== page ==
Advertisement

Summer's Eve Readies New Voice After Ad Misstep

Advertisement

Having published one of the more embarrassing ads of 2010, executives at Summer's Eve say a new campaign breaking this month will pull the feminine-care brand out of the past and introduce a more "relevant" voice that will connect with the modern American woman.

The ad that ran last August—a magazine execution that recommended douching as the first step toward getting a raise at work—was widely criticized as out of touch and even offensive. And while it was more muddled than malicious, brand manager Angela Bryant admitted the misstep was part of a chronic problem in the way Summer's Eve had been talking to its target audience.

"We have not been having that conversation in a relevant voice," Bryant said. "The whole category has been stuck in the '70s. We need it to evolve."

The C.B. Fleet brand plans to evolve, Bryant said, simply by speaking to women in a more direct, confident voice about when to use the product, rather than couching the message in innuendo or (as with last year's ad) vague notions of self-improvement that have little to do with the product.

"These ads have always spoken in code," Bryant said. "It may not seem revolutionary, but [in the new ads] we're saying, 'Here are some times when you can use our product.' "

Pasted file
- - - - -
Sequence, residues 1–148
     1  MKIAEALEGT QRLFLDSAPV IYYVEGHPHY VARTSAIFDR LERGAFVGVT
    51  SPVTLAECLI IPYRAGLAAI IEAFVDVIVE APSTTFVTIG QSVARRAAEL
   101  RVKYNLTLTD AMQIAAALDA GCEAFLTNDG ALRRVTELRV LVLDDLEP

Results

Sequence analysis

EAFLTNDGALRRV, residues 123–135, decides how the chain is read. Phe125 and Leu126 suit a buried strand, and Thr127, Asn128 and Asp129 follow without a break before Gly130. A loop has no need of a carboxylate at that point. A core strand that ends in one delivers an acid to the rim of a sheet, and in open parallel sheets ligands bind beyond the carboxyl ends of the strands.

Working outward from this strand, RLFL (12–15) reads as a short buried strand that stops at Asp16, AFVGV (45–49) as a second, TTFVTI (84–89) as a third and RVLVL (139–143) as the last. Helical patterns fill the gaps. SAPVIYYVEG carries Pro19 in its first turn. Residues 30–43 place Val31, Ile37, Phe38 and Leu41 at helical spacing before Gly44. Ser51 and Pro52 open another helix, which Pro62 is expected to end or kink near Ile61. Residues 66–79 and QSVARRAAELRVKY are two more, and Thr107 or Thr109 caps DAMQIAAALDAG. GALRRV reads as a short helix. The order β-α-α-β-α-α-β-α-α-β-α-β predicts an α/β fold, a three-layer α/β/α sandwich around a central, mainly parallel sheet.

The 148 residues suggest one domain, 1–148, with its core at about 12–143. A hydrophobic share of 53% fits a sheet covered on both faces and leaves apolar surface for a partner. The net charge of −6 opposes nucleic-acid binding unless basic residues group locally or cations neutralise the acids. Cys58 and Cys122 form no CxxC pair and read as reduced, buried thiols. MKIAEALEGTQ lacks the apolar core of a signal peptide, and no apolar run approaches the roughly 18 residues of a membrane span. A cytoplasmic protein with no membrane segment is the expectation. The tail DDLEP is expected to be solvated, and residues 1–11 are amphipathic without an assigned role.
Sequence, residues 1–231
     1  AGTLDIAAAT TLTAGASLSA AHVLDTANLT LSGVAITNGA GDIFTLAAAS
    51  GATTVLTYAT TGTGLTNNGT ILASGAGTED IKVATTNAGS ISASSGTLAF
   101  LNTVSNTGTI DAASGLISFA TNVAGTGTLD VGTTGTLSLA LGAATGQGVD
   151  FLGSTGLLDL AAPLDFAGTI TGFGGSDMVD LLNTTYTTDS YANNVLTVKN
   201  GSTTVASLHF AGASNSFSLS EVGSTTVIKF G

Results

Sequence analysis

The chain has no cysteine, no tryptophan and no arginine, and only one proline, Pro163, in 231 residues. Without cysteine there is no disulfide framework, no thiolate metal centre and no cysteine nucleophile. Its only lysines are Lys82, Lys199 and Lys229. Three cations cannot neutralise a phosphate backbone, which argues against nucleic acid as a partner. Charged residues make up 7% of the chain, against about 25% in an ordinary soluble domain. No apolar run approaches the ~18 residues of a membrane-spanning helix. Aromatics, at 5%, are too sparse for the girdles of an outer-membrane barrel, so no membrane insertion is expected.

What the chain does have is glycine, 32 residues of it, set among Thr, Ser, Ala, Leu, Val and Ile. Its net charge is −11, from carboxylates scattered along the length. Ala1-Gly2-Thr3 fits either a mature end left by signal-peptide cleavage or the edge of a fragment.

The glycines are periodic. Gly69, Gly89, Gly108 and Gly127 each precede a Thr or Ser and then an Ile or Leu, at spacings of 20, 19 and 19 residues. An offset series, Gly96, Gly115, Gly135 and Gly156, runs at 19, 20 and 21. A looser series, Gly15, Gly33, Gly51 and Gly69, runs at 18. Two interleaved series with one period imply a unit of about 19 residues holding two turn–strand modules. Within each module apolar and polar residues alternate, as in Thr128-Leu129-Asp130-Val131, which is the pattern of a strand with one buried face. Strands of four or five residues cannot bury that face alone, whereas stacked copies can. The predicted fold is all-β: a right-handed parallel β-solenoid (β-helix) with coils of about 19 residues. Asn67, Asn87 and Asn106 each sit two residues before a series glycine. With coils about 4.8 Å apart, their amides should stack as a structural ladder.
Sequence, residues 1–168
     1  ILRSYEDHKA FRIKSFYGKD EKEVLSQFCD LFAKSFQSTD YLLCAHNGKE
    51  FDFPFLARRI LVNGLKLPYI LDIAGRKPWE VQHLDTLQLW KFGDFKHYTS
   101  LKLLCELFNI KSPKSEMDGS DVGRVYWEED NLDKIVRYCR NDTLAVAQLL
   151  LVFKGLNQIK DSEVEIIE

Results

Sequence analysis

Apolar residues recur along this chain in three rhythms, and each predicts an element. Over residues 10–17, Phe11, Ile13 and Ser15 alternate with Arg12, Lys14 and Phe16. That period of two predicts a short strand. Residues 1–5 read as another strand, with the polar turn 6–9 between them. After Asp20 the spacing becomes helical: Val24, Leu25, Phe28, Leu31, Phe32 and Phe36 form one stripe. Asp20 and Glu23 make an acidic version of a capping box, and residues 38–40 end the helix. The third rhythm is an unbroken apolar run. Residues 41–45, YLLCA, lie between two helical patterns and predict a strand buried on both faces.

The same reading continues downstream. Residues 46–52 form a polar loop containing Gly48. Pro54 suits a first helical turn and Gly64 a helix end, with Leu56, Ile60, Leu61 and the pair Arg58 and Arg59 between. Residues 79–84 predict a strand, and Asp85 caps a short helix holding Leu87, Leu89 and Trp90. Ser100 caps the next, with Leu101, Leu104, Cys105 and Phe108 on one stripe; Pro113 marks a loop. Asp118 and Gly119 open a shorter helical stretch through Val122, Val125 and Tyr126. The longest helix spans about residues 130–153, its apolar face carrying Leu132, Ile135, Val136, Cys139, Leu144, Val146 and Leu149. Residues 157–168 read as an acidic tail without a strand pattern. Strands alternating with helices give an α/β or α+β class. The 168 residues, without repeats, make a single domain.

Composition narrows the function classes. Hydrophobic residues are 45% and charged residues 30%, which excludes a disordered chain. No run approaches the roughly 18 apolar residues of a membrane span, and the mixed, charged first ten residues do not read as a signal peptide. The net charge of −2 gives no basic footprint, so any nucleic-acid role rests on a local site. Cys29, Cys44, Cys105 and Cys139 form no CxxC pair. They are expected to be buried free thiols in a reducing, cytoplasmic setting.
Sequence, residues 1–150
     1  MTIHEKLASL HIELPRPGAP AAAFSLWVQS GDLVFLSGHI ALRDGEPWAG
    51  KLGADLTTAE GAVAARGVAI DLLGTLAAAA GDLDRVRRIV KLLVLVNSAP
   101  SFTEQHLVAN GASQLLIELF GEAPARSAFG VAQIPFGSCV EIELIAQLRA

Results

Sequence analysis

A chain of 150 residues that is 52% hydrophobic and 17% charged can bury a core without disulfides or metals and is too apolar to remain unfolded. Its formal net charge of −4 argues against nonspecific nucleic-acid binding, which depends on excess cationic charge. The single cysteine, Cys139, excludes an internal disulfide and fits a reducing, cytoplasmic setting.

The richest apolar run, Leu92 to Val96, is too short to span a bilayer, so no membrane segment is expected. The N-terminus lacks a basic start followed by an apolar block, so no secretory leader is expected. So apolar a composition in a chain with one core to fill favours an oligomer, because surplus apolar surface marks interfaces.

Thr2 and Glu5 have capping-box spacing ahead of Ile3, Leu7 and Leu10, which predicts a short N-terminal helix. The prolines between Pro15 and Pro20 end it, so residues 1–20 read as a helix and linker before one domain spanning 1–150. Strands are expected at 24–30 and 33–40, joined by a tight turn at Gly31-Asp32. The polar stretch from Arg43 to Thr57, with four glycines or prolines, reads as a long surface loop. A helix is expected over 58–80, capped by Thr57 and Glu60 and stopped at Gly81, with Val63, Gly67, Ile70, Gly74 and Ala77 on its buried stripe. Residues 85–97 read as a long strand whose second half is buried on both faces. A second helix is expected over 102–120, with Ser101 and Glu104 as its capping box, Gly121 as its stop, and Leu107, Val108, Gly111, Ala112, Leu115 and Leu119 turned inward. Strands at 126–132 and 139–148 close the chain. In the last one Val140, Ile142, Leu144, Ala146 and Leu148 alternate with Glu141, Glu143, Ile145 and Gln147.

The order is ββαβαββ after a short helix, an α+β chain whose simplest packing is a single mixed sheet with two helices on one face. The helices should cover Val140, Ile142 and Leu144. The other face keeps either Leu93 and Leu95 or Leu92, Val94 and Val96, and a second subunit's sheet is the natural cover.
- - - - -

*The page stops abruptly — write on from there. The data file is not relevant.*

The new campaign, by The Richards Group in Dallas, will begin with print and online executions and eventually include TV. The first ads use the line "Freshen up in between," with images representing everyday activities—for example, going to the gym and enjoying an evening out—between which Summer's Eve products could be useful.

Beyond changing the voice, the campaign also aims to broaden the way women think of feminine care, which Bryant said has long been perceived as a "problem-solution" category. "There's always been a stigma associated with it, that there's something wrong with you if you use this product," she said.

The new ads, by contrast, make an unashamedly straightforward and practical pitch—something that brands in other feminine categories, from tampons to personal lubricant, have been embracing in recent years. "K-Y has been doing a really great job of modernizing," Bryant said, to name just one example. "That was considered a problem-solution category, too."

Bryant said the brand has been talking about evolving its voice since August 2009. Last summer's embarrassment accelerated that process, as brand managers and Richards executives quicky embarked on a listening tour last fall, seeking input from real women about how they would like to be spoken to.

Bryant said the new Summer's Eve ads are "just the beginning" of a much larger campaign rolling out throughout 2011.